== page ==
“That was an unnecessary risk and extremely reckless behavior,” Josephine continues. “There’s no telling what those people would have done to us and I simply do not see the- the value in antagonizing a group of armed gang members and apostates and-” She has to pause to re-catch her breath. Anger is getting her short of it again. “We could have walked away, Leliana, instead of jumping from a- Oh, I cannot believe-” She stops again. Not solely because no words can describe how indignant she truly feels, but because Leliana isn’t looking her in the eyes, instead staring at Josephine’s lap, a baffled look on her face.

 “...Are you at all listening to me?” Josephine asks.

 Leliana points at her hand. “Why did you take those?”

 Confused, she opens her clenched fists. In one is a single gold coin, and in the other- Sweet maker.

 It’s the elven mage’s smallclothes.

 “Oh!”

 Josephine throws the garment away from her, horrified. She must have grabbed it in that initial confusion, perhaps aiming for Leliana’s.

 Her mouth is open and her cheeks are burning hot. She looks at Leliana, at the way her nose twitches with barely contained mirth, and she can’t hold it in. The first laugh gushes from her in a torrent and Leliana is laughing, too. They fall into each others’ arms.

 The gold spills out on the stone between them when Leliana lets go of the fabric bundled around the coins to hug Josephine tight. Josephine hugs her back and their laughter echoes against surrounding buildings. She has been frightened tonight, yes. She has been angry and confused but she’s also felt adventurous like she hasn’t in years and years. Mischievous and wild, free and licentious, like she embodied the sort of scandal it is her job to avoid or cover up. Josephine laughs until her abdomen is cramping, until there are tears in her eyes.

 At one point Leliana’s lips finds hers. The kiss is brief, soft and wet. She tastes like dwarven ale and it’s absolutely awful, absolutely wonderful, and Josephine kisses her back, giggling into Leliana’s mouth. They stay entwined until the irrepressible tides of laughter finally subsides. 

 “You looked so petrified when you lost,” Leliana says at last. Her voice is low and tender. “I had to do something.

 Josephine sighs. “I had it in hand.”

 “Mm. By the way,” Leliana nods toward the smallclothes, “what are you going to do with those?”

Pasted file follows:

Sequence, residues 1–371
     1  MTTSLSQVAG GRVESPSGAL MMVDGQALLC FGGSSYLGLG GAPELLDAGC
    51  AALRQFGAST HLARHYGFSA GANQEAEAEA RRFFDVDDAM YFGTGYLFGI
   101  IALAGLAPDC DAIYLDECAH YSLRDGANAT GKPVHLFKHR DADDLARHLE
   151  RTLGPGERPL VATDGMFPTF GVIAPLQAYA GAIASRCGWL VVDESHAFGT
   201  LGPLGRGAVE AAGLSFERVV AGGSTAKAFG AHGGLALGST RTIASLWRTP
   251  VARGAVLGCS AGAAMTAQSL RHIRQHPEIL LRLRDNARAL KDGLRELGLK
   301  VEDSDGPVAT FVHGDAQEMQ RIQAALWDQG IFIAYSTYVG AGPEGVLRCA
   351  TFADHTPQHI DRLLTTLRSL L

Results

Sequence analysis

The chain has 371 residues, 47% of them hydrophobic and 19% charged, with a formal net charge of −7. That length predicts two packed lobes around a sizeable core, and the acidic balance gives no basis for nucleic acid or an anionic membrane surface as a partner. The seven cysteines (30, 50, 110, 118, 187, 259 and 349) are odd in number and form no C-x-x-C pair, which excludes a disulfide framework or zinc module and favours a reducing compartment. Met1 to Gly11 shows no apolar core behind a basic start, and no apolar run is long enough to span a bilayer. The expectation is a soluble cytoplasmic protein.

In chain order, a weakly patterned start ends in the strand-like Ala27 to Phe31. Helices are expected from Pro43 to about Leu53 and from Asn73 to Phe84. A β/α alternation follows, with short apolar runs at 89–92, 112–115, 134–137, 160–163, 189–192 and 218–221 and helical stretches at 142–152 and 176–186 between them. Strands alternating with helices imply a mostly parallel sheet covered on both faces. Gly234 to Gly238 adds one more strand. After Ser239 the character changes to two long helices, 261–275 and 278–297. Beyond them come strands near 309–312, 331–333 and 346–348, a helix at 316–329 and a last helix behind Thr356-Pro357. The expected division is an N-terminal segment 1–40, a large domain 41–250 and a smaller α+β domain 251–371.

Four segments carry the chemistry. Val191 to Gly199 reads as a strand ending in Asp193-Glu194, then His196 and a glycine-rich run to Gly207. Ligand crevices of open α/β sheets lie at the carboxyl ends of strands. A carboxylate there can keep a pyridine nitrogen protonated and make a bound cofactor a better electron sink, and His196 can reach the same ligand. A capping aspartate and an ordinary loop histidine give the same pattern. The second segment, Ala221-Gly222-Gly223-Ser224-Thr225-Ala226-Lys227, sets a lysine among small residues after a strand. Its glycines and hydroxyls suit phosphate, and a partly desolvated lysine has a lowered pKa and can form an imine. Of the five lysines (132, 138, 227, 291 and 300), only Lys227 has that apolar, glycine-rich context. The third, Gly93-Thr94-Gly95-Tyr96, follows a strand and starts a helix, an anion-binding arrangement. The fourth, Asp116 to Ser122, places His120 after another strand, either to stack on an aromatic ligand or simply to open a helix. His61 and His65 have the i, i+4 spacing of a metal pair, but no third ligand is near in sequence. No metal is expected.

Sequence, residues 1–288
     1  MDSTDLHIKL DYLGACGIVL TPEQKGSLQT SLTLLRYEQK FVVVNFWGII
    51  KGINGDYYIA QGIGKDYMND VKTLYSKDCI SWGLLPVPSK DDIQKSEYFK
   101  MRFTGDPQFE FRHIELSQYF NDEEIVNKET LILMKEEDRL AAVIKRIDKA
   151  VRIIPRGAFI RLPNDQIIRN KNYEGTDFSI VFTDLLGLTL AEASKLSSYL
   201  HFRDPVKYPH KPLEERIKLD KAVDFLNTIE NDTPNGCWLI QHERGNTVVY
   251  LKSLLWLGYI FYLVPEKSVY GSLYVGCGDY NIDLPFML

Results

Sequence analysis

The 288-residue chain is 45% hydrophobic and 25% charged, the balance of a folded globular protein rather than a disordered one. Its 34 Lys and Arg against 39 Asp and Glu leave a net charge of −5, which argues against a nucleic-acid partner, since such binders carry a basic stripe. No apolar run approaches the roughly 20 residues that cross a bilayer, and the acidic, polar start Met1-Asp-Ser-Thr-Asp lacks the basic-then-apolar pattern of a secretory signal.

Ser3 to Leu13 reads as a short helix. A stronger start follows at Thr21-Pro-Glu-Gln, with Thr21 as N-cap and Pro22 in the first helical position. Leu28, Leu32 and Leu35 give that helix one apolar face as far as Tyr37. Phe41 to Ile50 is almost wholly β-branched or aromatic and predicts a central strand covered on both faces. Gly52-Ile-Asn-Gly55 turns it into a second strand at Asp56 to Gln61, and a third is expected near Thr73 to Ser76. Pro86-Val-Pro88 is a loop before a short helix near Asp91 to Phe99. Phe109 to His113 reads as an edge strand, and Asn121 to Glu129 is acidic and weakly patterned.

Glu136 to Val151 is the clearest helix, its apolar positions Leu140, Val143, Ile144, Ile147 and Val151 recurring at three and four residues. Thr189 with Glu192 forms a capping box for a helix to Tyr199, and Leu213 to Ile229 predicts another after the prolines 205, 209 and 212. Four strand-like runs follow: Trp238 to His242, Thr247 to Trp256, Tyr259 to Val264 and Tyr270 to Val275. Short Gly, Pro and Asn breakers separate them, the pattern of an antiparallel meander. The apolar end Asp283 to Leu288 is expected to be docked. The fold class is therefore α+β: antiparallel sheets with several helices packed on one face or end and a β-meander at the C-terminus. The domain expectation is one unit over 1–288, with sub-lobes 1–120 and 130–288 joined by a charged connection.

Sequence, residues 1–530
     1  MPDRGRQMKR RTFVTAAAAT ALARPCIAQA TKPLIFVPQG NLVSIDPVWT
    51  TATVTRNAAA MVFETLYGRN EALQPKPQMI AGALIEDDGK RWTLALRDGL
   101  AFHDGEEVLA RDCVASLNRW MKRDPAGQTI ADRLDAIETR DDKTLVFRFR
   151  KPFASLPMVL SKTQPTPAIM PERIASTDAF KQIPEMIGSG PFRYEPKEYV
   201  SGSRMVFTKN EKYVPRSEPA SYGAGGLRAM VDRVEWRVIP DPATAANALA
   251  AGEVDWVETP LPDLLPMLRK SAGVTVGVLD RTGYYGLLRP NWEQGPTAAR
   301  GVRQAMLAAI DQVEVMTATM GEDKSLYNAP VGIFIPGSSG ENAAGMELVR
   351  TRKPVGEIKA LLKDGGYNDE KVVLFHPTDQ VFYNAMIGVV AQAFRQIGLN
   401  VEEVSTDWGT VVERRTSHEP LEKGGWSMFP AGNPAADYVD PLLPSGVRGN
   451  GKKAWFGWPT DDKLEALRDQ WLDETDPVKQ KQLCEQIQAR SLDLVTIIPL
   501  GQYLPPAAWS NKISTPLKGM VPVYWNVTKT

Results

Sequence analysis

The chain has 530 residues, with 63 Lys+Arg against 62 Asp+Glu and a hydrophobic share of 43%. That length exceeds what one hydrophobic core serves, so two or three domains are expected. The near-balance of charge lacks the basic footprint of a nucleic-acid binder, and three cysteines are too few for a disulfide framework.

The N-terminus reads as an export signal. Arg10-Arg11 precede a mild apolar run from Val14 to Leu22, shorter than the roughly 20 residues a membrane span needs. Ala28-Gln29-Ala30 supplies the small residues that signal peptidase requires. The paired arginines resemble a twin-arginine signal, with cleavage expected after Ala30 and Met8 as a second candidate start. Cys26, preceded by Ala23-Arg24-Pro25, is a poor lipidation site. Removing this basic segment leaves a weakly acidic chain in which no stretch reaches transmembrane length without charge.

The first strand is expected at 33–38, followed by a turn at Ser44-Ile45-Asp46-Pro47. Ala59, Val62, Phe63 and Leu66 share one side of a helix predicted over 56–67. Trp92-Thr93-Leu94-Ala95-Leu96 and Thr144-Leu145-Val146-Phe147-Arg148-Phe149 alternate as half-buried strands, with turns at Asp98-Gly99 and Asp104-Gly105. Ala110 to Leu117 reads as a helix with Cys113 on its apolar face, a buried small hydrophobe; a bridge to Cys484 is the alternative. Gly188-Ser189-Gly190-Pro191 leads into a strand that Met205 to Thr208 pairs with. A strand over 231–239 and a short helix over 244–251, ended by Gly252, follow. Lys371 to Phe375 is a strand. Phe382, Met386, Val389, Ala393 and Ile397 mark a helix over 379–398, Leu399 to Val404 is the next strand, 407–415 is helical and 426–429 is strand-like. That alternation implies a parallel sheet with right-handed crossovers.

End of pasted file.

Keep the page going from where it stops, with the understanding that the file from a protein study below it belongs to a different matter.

“I’m not going to do anything! What would I possibly-”

 “-Because I have some ideas.”

 “...What?”

 The coins jingle as Leliana stands. She picks up the smallclothes, holding them between her thumb and index finger, walks over to the chantry board and pins them to it.

 “The left hand of the Divine.” Josephine shakes her head. “I fear for the future of the chantry,” she says, but laughter threatens to bubble up anew.

 “This is how a real party ends.”

 “It’s really unacceptable.”

 “Josie, it’s just a-” Leliana starts, but Josephine cuts off her protest.

 “One must be more informative when posting a quest to the board.”

 Josephine reaches into one of her deep, hidden pockets for a vial of ink and a short docked quill. She tears off a piece of paper from one of the other missives on the board, dips her pen and writes: “Lost from loins. Please return to Fanny.”

 She pins it to the board next to the smallclothes and then they both collapse back into laughter, steadying themselves against each other, swaying together on giggle-wobbly legs.

 “You know what would be lovely right now?” Leliana whispers after a while, putting her lips to Josephine’s ear and sending all kinds of little luxurious shivers through her.

 “Do tell.”

 “Champagne.”

 “Ah.” Josephine brushes a lock of hair from Leliana’s forehead, and where the gesture would have felt inappropriately intimate six hours ago, now it seems to her as the most natural thing to do. “If we return to the estate, I’m sure I can accommodate that wish.”

 But first they gather up all the coins and put them into the chantry donation box, one clinking act of piety after the other.

 --

 They forgo glasses.